The COVID-19 pandemic has reshaped the way we work. Unfortunately it has also increased the threat of cyber attacks. One of the most problematic forms of cyber threat are phishing emails. These types of attacks can have serious consequences, resulting in impacts to core business functions and productivity.
Since March 2020, the Australian Cyber Security Centre (ACSC) has received over 1,100 reports about COVID-19 related scams, with hundreds of thousands of dollars in reported losses. In this article, we’ll look at why the risk of this type of threat has increased during the COVID-19 pandemic and what you can do about it to protect yourself and your team.
It is an unfortunate reality that cybercrime actors have pivoted their online criminal techniques to exploit the COVID-19 pandemic. The ACSC reports that around two Australians per day are losing money or personal information to COVID-19 themed scams and online frauds. It has additionally responded to 20 cyber security incidents affecting COVID-19 response services and removed over 150 malicious COVID-19 themed websites.
In these targeted phishing and spear-phishing attacks, cybercriminals try to lure people to fake websites in order to collect personal information or useful data such as login or platform credentials. This includes many instances of phishing emails sent to users directing them to the Center for Disease Control (CDC) or equivalent national health or medical websites to solicit user credentials or passwords.
The current climate has created a new landscape and attack vectors for cybercriminals to exploit. One of the main factors for this has been the dramatic increase in remote working. With more than half of Australian workers moving to remote working, this has created new cyberattack possibilities.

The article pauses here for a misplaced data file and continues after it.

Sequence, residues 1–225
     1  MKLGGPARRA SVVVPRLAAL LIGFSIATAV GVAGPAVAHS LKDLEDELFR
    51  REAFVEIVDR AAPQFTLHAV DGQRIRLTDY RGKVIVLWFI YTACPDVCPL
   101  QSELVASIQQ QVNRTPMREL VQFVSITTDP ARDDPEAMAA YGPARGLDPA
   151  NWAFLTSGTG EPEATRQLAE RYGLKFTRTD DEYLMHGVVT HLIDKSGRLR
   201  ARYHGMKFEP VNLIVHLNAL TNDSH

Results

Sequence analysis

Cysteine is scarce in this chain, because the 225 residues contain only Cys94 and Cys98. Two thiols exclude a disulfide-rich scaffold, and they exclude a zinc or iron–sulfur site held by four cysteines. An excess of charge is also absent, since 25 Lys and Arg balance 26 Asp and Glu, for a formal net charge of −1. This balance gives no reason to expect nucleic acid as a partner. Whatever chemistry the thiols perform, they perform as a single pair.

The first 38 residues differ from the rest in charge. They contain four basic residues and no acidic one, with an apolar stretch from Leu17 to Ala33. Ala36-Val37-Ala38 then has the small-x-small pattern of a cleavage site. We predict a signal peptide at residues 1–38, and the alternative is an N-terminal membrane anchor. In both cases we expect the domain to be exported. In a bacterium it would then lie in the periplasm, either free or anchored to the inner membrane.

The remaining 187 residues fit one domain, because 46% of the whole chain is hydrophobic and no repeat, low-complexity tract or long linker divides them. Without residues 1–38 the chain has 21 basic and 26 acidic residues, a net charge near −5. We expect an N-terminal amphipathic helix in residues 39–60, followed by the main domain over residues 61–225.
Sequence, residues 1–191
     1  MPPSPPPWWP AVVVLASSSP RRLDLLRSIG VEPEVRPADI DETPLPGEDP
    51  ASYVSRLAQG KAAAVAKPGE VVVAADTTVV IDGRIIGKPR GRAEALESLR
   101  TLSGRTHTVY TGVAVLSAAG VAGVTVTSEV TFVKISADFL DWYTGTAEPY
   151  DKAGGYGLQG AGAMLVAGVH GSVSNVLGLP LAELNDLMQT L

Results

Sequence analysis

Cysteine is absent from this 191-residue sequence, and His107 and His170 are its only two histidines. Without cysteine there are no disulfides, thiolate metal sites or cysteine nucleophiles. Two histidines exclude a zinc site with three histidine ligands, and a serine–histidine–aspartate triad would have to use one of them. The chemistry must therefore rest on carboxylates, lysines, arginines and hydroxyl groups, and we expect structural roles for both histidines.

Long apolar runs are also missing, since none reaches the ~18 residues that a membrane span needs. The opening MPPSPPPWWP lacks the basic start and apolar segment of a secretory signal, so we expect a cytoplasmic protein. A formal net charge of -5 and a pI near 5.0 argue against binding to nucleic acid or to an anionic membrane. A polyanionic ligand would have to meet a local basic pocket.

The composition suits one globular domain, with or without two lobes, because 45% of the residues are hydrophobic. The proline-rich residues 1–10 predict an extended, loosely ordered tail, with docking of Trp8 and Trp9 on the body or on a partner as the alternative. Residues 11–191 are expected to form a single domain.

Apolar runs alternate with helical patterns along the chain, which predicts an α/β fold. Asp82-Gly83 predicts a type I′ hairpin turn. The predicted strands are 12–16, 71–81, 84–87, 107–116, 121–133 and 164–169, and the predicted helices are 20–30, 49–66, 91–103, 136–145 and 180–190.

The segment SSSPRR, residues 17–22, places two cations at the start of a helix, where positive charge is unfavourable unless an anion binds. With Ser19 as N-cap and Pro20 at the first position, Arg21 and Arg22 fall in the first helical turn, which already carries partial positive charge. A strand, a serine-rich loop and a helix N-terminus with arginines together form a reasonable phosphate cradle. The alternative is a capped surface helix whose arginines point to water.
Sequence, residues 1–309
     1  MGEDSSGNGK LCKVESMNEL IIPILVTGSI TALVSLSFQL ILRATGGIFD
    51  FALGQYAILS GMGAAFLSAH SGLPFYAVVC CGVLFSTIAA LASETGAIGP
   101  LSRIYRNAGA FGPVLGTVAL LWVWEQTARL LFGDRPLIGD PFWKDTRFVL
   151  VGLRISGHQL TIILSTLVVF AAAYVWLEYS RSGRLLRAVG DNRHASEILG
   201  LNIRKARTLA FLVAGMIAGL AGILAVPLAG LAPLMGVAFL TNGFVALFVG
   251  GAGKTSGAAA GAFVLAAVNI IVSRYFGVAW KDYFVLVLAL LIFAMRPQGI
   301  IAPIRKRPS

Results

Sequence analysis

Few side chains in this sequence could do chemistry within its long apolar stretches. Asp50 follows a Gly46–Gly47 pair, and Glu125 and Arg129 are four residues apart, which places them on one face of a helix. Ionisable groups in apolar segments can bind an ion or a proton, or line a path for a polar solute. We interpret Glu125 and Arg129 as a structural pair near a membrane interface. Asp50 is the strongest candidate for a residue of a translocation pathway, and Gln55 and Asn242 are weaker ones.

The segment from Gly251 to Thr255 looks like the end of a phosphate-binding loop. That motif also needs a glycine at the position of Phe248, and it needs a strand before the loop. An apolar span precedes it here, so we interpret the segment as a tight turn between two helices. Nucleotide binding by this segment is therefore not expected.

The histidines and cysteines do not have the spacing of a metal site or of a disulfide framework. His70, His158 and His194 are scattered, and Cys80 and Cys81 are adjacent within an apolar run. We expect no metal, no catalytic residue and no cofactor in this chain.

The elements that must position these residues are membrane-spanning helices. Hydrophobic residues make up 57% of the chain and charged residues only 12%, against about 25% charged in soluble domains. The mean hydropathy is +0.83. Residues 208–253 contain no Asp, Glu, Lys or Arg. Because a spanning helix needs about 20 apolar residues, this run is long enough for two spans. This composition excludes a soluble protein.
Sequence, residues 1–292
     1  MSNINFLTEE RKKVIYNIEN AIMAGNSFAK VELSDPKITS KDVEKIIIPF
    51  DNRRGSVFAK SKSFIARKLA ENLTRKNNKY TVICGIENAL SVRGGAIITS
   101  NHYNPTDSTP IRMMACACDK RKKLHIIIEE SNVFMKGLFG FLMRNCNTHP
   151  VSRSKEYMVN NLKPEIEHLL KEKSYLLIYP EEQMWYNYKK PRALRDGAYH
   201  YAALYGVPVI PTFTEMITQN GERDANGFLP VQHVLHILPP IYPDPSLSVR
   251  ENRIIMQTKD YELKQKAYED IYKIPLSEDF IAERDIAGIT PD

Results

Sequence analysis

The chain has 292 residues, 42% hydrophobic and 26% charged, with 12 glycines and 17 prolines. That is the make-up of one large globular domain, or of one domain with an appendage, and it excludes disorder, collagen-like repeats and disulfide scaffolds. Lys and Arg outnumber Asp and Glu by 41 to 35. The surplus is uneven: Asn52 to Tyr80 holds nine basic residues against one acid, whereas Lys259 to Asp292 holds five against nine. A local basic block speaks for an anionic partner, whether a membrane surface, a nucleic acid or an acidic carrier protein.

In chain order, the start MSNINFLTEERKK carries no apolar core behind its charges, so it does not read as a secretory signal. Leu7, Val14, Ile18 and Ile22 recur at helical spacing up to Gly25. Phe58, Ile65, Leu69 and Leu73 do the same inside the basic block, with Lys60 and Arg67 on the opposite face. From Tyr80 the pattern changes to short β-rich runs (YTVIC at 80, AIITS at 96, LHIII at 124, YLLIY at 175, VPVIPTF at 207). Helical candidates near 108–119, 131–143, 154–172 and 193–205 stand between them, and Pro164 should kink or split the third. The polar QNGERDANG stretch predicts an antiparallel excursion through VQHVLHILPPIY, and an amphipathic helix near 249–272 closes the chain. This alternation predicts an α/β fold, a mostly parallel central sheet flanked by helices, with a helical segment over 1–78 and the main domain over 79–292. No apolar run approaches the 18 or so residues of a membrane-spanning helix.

Personal devices used in the home are rarely as secure as dedicated office equipment installed and maintained by IT staff. Remote communication channels like Slack or Zoom can also be hacked.
COVID-19 has additionally created cultural shifts where workers are more anxious or distracted from their normal working routines and attitudes. Cyber criminals can take advantage of COVID anxieties by asking for donations. Malicious actors can pose as CEO’s or government officials over the phone to obtain banking information or to install malware.
The Best Protection Measures
There are a range of effective strategies to help tackle the increased cyber threat from COVID-19 related phishing attacks. These are a combination of changes to hardware, software, and devices as well as employee awareness and training.
Cyber security is serious business. Both during the COVID-19 pandemic and beyond. As new technologies and work practices develop, so do the skills and strategies of cybercriminals. If you’d like to learn more about how to conduct a comprehensive security assessment or boost your organisation’s cyber security measures, talk to FinXL.